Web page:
Aloft Tampa Downtown: On the new Riverwalk lining the Hillsborough River, this boutique property opened in 2014 in a building that formerly housed BCCI's Tampa branch. The hotel's super-cool WXYZ Bar is popular for local DJ nights and hanging out amid cool art at any hour. Poolside, enjoy the fire pit, chill tunes and beautiful views of the skyline, boats and wildlife on the river, and the new Riverwalk.
The Skyye Bar & Grille: Mazur recalls: "I had 'business lunches' with BCCI officers and money brokers representing members of the Medellín Cartel. My guests were treated to fantastic views because the restaurant revolves 360 degrees atop the Tampa Airport Marriott."
Bern's Steak House: Dine on the sly in this landmark's dark corners and unique private dessert rooms. The clandestine wine cellar is astonishing.
Franklin Exchange: Federal agents arrested people targeted by Mazur's investigation in the garage of this grand neoclassical bank building that's now a downtown event space.
Bayshore Boulevard: Often jogging this tranquil route along Tampa Bay between downtown and the classy iconic Colonnade Restaurant, Mazur and his supervisor developed Operation C-Chase.
Clearwater Beach: "People within the cartel, just like everyone else, enjoy taking their families to beautiful vacation destinations," Mazur says. "As a 'businessman' within the cartel, I entertained 'clients' when they came to the Tampa Bay area. During stays arranged at Clearwater Beach, beyond social time with families used to develop rapport, the deadly business of the drug world was discussed and recorded during meetings."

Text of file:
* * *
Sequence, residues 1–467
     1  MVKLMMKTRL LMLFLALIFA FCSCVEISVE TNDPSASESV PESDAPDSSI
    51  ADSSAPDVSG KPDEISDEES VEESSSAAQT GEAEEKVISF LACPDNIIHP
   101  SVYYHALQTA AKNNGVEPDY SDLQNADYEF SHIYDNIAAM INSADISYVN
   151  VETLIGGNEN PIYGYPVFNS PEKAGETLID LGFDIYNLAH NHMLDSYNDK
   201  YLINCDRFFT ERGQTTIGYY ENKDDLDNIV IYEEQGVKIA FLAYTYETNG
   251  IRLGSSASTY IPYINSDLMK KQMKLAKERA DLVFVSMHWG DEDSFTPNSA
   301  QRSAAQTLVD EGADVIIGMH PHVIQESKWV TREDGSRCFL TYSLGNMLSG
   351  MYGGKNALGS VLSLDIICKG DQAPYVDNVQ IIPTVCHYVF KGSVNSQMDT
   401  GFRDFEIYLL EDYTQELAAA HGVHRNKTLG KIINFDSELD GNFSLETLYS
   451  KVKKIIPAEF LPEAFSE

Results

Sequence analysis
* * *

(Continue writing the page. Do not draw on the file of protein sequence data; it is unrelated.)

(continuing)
Tampa Bay History Center: A must-visit venue on Riverwalk exposing intriguing activities of pirates to the city's powerful Cuban, Italian and Anglo underworld gangs.
Take the mafia tour
To dig deeper into Tampa's scandalous history, I joined the newly expanded Mafia Tour led by Scott Deitche, whose organized crime books include Cigar City Mafia: A Complete History of the Tampa Underworld.
The city was the 1950s-1980s home to notorious mobster Santo Trafficante Jr. Illegal lottery-style bolita games and Prohibition-era rum-running rocked Ybor City, distinguished by a mix of Cuban, Spanish and Sicilian culture and easy access to Tampa's port. Ybor City's 1920s bootlegging and gangland crime inspired bestselling author Dennis Lehane to write Live by Night. Ben Affleck's film adaptation will release in 2017.
The Mafia Tour, presented by Cigar City Magazine, runs about 90 minutes on select Saturdays and as private and group tours. Starting at King Corona Cigars Cafe/Bar, the foot tour loops a mile through Ybor City. Stops include the site of a huge mob hit, an old gambling palace, remnants of Tampa's biggest mob bar and some locations shot in The Infiltrator.
Deitche covers stills to smugglers, how criminal casino operators evaded police, crime family holdings in pre-Castro Cuba and under Trafficante's leadership, and the chilling connection between the Tampa mob, CIA plots to kill Fidel Castro and the Kennedy assassination. At Cephas Hot Shop, selling aloe for health for 36 years, Cephas guided us to his colorful courtyard where The Infiltrator voodoo scene was filmed.
"I had the pleasure of taking Dennis Lehane on the mob tour while he was writing Live By Night to give him a feel for Ybor City and historic places where the gangsters hung out," says Deitche. "That added a lot of realism to the book."
Mazur's home? Nope, it's not on the tour.